Born near Norwich, England, in 1890, Arthur Beaumont was the son of a British Army surgeon. Emigrating to Canada in 1909, and to the United States the following year, Arthur, who assumed the nickname "Beau," always retained his strong British accent. He was six foot two and slender, with black hair and brown eyes. He had a warm, generous personality and a strong moral sense--character traits that were passed on to his son, Dean. Beau studied at the Mark Hopkins School of Art at Berkeley, and at the Los Angeles School of Art and Design. His talents would eventually lead him to advanced studies in London and in Paris, where he became a member of the distinguished Académie Julian.
As a youth Beau worked for the Miller and Lux cattle ranch in central California, one of the largest spreads in the world. In two and a half years of rugged outdoor work, he rose to the position of "assistant superintendent of ranch hands." That career ended when he was shot and left for dead by cattle rustlers, resulting in a long period of hospital recuperation. 3 Before that horrendous event, Arthur Beaumont had painted numerous scenes of cowboys and horses reminiscent of the work of Frederic Remington, and he had been gaining considerable notice as an artist.4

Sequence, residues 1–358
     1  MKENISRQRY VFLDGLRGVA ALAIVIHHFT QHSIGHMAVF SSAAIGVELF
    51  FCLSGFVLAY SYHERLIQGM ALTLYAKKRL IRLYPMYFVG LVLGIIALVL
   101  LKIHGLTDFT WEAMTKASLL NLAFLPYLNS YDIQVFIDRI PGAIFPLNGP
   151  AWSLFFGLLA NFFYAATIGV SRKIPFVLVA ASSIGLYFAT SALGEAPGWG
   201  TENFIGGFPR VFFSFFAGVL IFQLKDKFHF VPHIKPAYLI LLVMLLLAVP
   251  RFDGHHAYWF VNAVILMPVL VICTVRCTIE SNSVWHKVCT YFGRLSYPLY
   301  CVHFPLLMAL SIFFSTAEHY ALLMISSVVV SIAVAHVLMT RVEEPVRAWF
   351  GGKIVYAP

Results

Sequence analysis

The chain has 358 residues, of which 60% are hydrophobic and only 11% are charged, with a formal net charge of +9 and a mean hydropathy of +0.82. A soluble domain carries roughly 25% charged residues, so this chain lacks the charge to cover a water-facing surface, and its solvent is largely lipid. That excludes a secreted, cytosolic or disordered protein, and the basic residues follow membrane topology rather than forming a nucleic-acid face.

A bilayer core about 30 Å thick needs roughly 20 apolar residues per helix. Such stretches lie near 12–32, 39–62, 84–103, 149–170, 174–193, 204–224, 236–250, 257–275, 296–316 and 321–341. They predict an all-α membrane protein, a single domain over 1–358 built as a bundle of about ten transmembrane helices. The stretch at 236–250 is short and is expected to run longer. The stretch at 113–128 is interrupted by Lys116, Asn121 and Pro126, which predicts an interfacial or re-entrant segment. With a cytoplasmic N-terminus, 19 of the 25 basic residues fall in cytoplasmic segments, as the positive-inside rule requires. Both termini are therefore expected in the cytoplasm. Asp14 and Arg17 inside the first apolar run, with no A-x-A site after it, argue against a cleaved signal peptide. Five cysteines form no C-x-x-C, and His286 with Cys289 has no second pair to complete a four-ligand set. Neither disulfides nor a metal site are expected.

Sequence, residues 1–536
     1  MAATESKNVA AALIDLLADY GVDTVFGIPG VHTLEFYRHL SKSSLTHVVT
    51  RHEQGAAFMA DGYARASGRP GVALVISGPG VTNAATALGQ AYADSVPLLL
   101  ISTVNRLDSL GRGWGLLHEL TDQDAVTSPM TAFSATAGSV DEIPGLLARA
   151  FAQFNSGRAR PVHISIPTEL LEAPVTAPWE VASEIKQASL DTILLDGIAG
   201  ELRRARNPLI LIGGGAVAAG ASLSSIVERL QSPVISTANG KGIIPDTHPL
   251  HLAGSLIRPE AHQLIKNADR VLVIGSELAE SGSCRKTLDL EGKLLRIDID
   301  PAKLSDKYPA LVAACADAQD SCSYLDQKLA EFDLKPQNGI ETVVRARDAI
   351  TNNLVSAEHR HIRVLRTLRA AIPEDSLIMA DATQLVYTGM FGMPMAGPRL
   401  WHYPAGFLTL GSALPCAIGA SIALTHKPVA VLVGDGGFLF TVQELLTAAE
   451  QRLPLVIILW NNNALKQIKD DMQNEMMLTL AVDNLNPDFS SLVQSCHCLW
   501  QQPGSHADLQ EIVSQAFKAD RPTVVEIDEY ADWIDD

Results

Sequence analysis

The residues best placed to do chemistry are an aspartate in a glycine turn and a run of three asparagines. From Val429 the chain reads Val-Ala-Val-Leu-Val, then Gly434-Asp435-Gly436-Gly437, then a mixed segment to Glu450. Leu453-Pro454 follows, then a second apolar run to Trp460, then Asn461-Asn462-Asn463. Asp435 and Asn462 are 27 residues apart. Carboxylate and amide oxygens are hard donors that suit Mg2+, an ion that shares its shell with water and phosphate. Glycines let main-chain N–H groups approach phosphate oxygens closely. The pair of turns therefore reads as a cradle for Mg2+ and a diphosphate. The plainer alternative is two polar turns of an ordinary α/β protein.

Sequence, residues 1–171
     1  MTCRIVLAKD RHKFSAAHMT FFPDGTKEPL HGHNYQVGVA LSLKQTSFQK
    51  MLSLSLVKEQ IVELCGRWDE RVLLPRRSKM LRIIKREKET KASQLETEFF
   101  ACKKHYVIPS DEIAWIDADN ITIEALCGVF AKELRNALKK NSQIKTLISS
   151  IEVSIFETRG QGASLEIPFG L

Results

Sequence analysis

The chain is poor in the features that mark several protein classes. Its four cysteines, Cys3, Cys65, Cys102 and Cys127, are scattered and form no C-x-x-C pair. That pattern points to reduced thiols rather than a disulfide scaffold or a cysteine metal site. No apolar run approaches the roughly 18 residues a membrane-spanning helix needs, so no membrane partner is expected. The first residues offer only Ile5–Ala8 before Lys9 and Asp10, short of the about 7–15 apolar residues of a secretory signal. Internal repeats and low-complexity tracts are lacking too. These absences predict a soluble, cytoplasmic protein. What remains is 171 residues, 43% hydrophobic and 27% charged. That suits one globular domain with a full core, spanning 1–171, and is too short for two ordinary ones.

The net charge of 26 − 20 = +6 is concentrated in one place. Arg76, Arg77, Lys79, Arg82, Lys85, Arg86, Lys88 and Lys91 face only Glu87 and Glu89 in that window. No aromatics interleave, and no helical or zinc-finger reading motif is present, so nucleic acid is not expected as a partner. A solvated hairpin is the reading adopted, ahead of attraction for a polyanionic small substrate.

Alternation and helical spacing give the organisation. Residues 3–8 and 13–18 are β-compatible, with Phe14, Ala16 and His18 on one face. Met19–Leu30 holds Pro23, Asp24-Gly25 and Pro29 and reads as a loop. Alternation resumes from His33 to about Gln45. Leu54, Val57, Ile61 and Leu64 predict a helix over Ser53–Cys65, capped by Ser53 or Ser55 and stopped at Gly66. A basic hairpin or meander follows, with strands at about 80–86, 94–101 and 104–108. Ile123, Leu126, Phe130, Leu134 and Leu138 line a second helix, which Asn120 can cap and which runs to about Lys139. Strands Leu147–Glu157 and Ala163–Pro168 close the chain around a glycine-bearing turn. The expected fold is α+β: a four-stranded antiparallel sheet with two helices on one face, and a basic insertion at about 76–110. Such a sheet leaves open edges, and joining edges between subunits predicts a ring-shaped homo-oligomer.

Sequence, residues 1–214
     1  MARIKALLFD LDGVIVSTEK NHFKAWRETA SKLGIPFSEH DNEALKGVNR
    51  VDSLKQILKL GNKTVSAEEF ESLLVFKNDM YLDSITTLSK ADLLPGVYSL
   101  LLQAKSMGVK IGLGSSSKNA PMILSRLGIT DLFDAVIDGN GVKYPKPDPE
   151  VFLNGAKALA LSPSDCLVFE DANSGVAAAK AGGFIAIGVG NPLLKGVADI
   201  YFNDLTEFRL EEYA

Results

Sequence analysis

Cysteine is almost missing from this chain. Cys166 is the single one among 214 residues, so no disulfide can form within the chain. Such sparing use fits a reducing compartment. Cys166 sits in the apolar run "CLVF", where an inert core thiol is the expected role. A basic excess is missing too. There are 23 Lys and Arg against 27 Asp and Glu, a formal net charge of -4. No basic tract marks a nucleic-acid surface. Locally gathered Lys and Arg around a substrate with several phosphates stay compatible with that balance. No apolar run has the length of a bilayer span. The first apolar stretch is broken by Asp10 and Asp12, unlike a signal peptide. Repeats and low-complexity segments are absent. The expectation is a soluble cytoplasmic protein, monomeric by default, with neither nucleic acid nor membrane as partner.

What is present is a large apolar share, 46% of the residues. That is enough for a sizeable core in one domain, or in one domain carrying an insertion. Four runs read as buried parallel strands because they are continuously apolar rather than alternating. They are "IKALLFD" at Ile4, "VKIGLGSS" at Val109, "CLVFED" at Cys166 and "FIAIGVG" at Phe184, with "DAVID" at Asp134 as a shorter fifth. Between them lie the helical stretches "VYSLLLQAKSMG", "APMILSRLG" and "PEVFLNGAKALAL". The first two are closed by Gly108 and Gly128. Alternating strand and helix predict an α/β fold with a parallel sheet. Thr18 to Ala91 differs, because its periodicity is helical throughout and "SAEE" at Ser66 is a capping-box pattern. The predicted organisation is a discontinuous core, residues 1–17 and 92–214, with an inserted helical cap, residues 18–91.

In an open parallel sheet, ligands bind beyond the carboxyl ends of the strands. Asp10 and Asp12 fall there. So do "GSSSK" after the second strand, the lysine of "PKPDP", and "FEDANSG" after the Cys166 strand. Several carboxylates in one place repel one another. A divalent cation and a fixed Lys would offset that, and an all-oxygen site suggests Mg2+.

During the 1920s, Arthur Beaumont made a modest living doing artwork for magazines and teaching the craft. He and his wife Dorothy had two of their eventual four children in that decade: Phyllis (1922) and Dean (1924). The family rented an old house at 1809 Oak Street in Los Angeles, near Figueroa Street and Washington Boulevard. Dean would remember the address for the rest of his life, because "1809" was the same year Abraham Lincoln was born.